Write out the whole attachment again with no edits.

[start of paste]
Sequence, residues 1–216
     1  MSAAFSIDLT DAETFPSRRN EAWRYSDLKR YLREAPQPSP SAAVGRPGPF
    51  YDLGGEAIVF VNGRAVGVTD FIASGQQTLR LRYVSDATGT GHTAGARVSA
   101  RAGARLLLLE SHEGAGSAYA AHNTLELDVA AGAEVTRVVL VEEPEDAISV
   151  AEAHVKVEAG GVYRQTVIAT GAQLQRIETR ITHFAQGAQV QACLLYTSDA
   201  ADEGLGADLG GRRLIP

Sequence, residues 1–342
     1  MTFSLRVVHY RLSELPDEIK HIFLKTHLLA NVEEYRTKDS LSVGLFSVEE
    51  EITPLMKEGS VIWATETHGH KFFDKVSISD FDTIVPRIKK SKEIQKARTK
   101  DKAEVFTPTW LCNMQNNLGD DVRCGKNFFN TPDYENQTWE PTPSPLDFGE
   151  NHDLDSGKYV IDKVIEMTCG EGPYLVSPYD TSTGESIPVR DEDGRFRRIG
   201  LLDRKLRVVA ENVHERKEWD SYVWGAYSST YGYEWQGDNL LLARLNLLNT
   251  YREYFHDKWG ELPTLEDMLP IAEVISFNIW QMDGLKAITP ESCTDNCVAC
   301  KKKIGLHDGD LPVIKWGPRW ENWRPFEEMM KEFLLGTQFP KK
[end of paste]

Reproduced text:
Sequence, residues 1–216
     1  MSAAFSIDLT DAETFPSRRN EAWRYSDLKR YLREAPQPSP SAAVGRPGPF
    51  YDLGGEAIVF VNGRAVGVTD FIASGQQTLR LRYVSDATGT GHTAGARVSA
   101  RAGARLLLLE SHEGAGSAYA AHNTLELDVA AGAEVTRVVL VEEPEDAISV
   151  AEAHVKVEAG GVYRQTVIAT GAQLQRIETR ITHFAQGAQV QACLLYTSDA
   201  ADEGLGADLG GRRLIP

Sequence, residues 1–342
     1  MTFSLRVVHY RLSELPDEIK HIFLKTHLLA NVEEYRTKDS LSVGLFSVEE
    51  EITPLMKEGS VIWATETHGH KFFDKVSISD FDTIVPRIKK SKEIQKARTK
   101  DKAEVFTPTW LCNMQNNLGD DVRCGKNFFN TPDYENQTWE PTPSPLDFGE
   151  NHDLDSGKYV IDKVIEMTCG EGPYLVSPYD TSTGESIPVR DEDGRFRRIG
   201  LLDRKLRVVA ENVHERKEWD SYVWGAYSST YGYEWQGDNL LLARLNLLNT
   251  YREYFHDKWG ELPTLEDMLP IAEVISFNIW QMDGLKAITP ESCTDNCVAC
   301  KKKIGLHDGD LPVIKWGPRW ENWRPFEEMM KEFLLGTQFP KK